Australia's defence chief says they're in for the long haul as the defence force rolls out an unprecedented response to the bushfire crisis.
General Angus Campbell says the compulsory call out of 3000 Australian Defence Force reservists to help with national disaster recovery had never happened before.
"We're in for the long haul and also very aware of the immediate need to assist fellow Australians today," Mr Campbell told media in Canberra on Sunday.
"The work of the ADF is and will continue to be in compliment and close coordination with state authorities."
Operation Bushfire Assist will see thousands of service personnel and reservists deployed in bushfire affect areas across the country.
Australia's largest navy ship, HMAS Adelaide, is playing a leading role in the nation's bushfire support effort, stationed off the NSW far south coast.
Acting as a supply vessel and also offering a floating hospital, the Adelaide on Sunday reached waters off Eden where it is expected to be based for several days.
The HMAS Choules and MV Sycamore were returning to Mallacoota, from where they had previously ferried more than 1100 people.
There were 400 troops on the Adelaide, as well as 300 tonnes of emergency supplies.
Defence bases from Brisbane to Adelaide have been opened up for bushfire affected Australians, with Mr Campbell confirming some people had already taken up this offer.
Earlier, Prime Minister Scott Morrison told reporters in Canberra the "unprecedented" roll out of defence forces was a statement about the scale of the bushfire crisis.
"That step was taken as a consequence of the sheer scale that has moved beyond what is the reasonable expectation of any agency or state or territory authority," he said.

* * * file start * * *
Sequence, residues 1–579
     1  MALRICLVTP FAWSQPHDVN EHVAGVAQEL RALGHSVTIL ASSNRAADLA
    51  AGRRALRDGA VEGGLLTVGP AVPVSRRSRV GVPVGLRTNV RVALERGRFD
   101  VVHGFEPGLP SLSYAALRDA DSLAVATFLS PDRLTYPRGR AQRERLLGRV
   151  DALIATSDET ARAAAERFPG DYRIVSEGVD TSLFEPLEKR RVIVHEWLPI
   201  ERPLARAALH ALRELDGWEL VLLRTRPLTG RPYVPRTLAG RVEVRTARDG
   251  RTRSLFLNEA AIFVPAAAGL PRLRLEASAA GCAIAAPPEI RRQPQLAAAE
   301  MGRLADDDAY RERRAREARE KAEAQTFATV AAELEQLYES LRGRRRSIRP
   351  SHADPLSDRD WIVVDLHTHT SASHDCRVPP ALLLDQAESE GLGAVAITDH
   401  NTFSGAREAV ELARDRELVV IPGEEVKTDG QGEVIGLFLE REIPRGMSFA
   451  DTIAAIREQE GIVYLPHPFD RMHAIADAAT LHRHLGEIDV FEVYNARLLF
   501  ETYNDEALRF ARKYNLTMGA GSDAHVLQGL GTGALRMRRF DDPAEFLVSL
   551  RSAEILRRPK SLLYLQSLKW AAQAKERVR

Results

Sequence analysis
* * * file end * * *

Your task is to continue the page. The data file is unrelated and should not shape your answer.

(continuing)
The prime minister also defended the government's response time in deploying the ADF, pointing to the serving personnel already assisting with the bushfire effort.
The head of the joint bushfire taskforce, Lieutenant General Greg Bilton, said defence had been in contact with counterparts in New Zealand, Singapore and Papua New Guinea to source more support, like helicopters.
Mr Bilton said reservists had already presented for duty before Saturday's call out, including doctors, engineers and vets.
"When it comes to supporting your fellow Australians, I don't have any problems finding volunteers," Mr Bilton said.
Advertisements detailing the compulsory call out of up to 3000 defence reservists would be published in major newspapers on Monday.
Mr Morrison met with NSW Premier Gladys Berejiklian and NSW RFS Commissioner Shane Fitzsimmons on Sunday afternoon to discuss the defence roll out.
Senator Reynolds hosted meetings with defence brass in Canberra on Sunday, with daily public briefings expected to continue.
Earlier on Sunday she defended the prime minister's handling of the ADF announcement after Mr Fitzsimmons said he only became aware of the roll out through media reports.
Speaking to reporters in Canberra, Senator Reynolds said Mr Morrison had told the leaders of bushfire-affected states before the announcement.
"How states then advise their own bureaucrats is an issue for them," Senator Reynolds said.
Mr Fitzsimmons said the prime minister's office has apologised for failing to notify him.